Auditory complications after electroconvulsive therapy – Tips for life after ECT treatment

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Do you have problems with noise or sound after ECT? I sure do! 

I learned something interesting about ECT and sound. The 2019 edition of the Thymatron ECT device manual lists “auditory complications” as a serious adverse event.

How does ECT cause Auditory Complications? 

Evidently, the electrode is placed directly over the trigeminal nerve. In the most common placement… even when it’s not placed directly over the trigeminal nerve, there’s so much current that it diffuses into all the cranial nerves. Pulsing nearly an ampere current through nerves that function on 0.002-0.004 amps can have consequences. The body’s defense mechanism diffuses the current through the Trigeminal nerve (CN V), Facial nerve (CN VII) and diffuses into the brainstem, other cranial nerves, and the spinal cord. 

Injury to the Trigeminal nerve (CN V) and Facial nerve (CN VII) can affect how we process sound. It can change our nervous system and brain’s ability to “dampen sound” by altering how the nerve to the tensor tympani (which originates from the mandibular division of the trigeminal nerve) as well as changing our motor function of the smallest skeletal nerve in the human body: stapedius. 

What “Auditory Complications” are caused by ECT? 

When either the CN V or CN VII (or both) are injured, we hear sound louder than others hear sound. It causes something called hyperacusis. 

Something that’s helped me with my hyperacusis after ECT is using Mack’s silicone (swimmer’s ear) plugs. After using them for a decade, I finally got some musician’s ear filters made by Westone. They had to be prescribed by my audiologist because they are made specifically for my ear. They CA reduce sound by either 15 or 25 dB. I always use the 25dB filters. I’m amazed at how easier it is to concentrate when the noise around me is reduced. 

I’m also amazed at how having less sound in my life reduces my stress levels, which in turn reduces the overwhelming rage that seemed to spring from nowhere when I was around another noise–even fun noise from good music, family, and friends. 

Central Auditory Processing Disorder

When I first finished with ECT, I thought I’d lost some of my hearing because although I could hear noise around me, I couldn’t understand what I was hearing. It took longer and more concentration to process what I was hearing. I began having to use closed captioning on videos and television. I had a hearing test by an audiologist, which showed I heard great, but my processing was bizarrely slow. After struggling to understand the world around me for over a decade, I finally learned that listening is more than hearing. I learned about an assessment that tests both your hearing and your listening: a Central auditory processing assessment.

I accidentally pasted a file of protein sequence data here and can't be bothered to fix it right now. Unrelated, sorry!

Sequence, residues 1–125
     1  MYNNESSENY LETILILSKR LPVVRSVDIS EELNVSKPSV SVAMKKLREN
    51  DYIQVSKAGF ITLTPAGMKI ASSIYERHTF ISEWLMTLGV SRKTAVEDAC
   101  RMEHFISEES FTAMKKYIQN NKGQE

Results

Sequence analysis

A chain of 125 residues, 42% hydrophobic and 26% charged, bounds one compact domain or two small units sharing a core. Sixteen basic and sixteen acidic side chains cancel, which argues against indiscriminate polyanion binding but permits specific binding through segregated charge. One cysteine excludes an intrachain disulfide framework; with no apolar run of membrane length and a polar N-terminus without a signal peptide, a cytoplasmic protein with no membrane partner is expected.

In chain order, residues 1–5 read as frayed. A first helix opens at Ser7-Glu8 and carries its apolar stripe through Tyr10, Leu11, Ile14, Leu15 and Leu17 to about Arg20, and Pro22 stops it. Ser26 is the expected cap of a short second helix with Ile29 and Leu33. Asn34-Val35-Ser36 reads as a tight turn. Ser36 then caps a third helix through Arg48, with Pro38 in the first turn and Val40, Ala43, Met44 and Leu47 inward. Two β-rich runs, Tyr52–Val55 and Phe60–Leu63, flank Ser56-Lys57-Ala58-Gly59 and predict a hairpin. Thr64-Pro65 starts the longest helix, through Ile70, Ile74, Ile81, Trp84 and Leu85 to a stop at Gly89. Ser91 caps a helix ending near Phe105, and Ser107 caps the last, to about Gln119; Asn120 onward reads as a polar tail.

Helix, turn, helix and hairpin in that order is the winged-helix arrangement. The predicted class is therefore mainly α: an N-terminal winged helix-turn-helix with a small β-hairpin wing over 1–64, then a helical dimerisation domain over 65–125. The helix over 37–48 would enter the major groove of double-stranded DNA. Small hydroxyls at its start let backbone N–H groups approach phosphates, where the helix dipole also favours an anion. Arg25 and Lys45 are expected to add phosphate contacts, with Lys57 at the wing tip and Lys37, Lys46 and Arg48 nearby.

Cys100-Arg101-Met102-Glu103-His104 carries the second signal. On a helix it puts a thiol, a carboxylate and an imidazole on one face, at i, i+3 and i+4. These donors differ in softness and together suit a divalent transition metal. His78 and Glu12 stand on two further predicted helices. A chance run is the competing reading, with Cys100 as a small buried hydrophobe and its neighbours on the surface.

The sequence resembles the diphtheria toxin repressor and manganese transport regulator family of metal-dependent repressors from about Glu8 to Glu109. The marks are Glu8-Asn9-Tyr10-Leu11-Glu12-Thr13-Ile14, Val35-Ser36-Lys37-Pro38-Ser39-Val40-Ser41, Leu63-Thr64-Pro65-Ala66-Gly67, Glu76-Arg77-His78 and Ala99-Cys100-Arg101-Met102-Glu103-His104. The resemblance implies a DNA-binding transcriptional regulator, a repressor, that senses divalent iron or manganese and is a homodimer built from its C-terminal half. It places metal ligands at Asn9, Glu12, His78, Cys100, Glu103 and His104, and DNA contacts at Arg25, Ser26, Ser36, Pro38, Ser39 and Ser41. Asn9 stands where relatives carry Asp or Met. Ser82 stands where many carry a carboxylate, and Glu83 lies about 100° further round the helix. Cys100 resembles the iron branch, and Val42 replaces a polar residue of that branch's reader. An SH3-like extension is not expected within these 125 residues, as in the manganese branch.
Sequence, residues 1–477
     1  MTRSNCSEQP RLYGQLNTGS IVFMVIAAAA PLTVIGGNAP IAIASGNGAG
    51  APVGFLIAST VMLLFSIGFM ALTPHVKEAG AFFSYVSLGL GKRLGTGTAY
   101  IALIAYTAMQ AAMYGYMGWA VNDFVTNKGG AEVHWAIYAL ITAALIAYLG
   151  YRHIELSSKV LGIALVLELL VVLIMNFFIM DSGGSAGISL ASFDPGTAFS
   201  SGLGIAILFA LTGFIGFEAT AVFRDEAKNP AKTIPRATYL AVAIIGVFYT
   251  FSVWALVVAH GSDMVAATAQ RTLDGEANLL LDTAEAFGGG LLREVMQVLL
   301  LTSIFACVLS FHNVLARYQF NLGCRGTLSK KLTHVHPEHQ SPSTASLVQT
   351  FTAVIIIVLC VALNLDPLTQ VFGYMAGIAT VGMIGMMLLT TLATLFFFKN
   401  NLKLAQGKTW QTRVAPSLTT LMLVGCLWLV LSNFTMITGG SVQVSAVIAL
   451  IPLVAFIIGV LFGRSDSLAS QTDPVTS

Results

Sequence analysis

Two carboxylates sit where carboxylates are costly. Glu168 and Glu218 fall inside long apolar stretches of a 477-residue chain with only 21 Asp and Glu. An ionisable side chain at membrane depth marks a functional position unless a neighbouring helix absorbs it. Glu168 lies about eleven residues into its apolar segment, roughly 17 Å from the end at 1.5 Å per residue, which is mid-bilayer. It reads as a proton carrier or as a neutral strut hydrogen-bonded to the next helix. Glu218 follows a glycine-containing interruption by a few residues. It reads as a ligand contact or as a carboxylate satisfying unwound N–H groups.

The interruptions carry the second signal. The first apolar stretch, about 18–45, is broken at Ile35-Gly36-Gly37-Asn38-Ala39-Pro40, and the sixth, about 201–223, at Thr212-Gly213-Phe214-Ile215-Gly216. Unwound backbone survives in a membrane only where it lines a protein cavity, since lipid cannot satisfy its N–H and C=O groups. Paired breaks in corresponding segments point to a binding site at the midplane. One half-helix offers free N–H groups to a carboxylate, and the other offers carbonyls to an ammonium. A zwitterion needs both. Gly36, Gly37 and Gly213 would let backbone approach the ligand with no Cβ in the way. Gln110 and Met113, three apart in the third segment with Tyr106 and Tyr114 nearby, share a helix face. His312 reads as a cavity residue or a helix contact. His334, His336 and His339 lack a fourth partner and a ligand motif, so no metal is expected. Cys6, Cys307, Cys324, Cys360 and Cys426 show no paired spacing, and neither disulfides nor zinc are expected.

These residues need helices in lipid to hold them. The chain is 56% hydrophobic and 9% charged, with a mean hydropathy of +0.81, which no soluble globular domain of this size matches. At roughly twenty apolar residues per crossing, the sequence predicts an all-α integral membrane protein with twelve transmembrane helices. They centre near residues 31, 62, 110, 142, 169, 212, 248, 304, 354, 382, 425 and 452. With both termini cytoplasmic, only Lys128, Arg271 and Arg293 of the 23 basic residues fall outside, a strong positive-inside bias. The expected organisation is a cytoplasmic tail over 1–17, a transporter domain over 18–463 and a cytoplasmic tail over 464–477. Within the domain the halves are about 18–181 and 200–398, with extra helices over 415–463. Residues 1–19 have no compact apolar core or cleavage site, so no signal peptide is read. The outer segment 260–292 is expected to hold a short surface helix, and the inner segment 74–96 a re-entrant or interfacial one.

It’s like a hearing test, but more than hearing, it also tests whether you understand what you are hearing when surrounded by other noise and whether it takes longer to process information.

It turns out I hear great! In quiet, one on one situations, I understand great. But add more noise, and I went from the 98th percentile to below the 25th percentile. That means 75% of humans on the earth who are my age understand the noise around them better than I do.  

How do sound and noise affect mood after ECT?

My family and I discovered that noise, even fun noise, can be completely overwhelming for me. Concentrating so hard to understand everyone when every noise is already louder to me than people who haven’t had ECT… well, let’s just say that at times, daily life feels like those movie scenes where enemies torture their prisoners with loud noise to “break them.” I quickly snapped in anger and frustration before learning how to protect my hearing and reduce sensory input. I was wearing myself out trying to concentrate on understanding/processing all the noise around me–it was exhausting and frustrating all rolled into one–making ingredients my emotional fuse as short as a broken firework. 

Gratefully, to the relief of me, my family, and my friends, ear filters and ear plugs work really well. 

I’ve also learned to pace myself. Set boundaries like time limits in noisy places. I know when I need to leave, and gratefully, now my family and friends understand why and no longer beg me to stay in painfully noisy situations. 

I hope that helps!

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Sarah P. Hancock

Sarah Price Hancock, MS, CRC, lived for nearly two decades misdiagnosed with severe "treatment resistant" mental illness. She was given 116 bilateral ECT treatments and now lives with Delayed Electrical Injury's Myoneuroal Disorder. Sarah holds a Master’s in Rehabilitation Counseling and taught for four years in San Diego State University’s Rehabilitation Counseling program. She is the Co-Founder and Trustee of the Ionic Injury Foundation. She also hosts The Emotional Self-Reliance Podcast and guest lectures on psychiatric recovery.